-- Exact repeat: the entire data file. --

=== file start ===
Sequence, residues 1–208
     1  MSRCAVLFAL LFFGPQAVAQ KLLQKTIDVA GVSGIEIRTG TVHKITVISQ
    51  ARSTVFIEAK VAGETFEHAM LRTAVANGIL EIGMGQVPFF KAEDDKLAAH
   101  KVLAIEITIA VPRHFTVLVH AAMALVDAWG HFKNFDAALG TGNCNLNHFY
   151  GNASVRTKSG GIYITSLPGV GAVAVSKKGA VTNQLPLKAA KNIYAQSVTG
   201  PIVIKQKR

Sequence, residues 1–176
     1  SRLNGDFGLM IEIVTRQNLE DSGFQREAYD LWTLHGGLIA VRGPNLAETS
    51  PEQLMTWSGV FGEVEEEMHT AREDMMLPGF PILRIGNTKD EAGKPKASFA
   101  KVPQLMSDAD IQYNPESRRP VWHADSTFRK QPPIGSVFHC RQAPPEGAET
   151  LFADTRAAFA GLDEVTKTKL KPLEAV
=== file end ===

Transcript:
Sequence, residues 1–208
     1  MSRCAVLFAL LFFGPQAVAQ KLLQKTIDVA GVSGIEIRTG TVHKITVISQ
    51  ARSTVFIEAK VAGETFEHAM LRTAVANGIL EIGMGQVPFF KAEDDKLAAH
   101  KVLAIEITIA VPRHFTVLVH AAMALVDAWG HFKNFDAALG TGNCNLNHFY
   151  GNASVRTKSG GIYITSLPGV GAVAVSKKGA VTNQLPLKAA KNIYAQSVTG
   201  PIVIKQKR

Sequence, residues 1–176
     1  SRLNGDFGLM IEIVTRQNLE DSGFQREAYD LWTLHGGLIA VRGPNLAETS
    51  PEQLMTWSGV FGEVEEEMHT AREDMMLPGF PILRIGNTKD EAGKPKASFA
   101  KVPQLMSDAD IQYNPESRRP VWHADSTFRK QPPIGSVFHC RQAPPEGAET
   151  LFADTRAAFA GLDEVTKTKL KPLEAV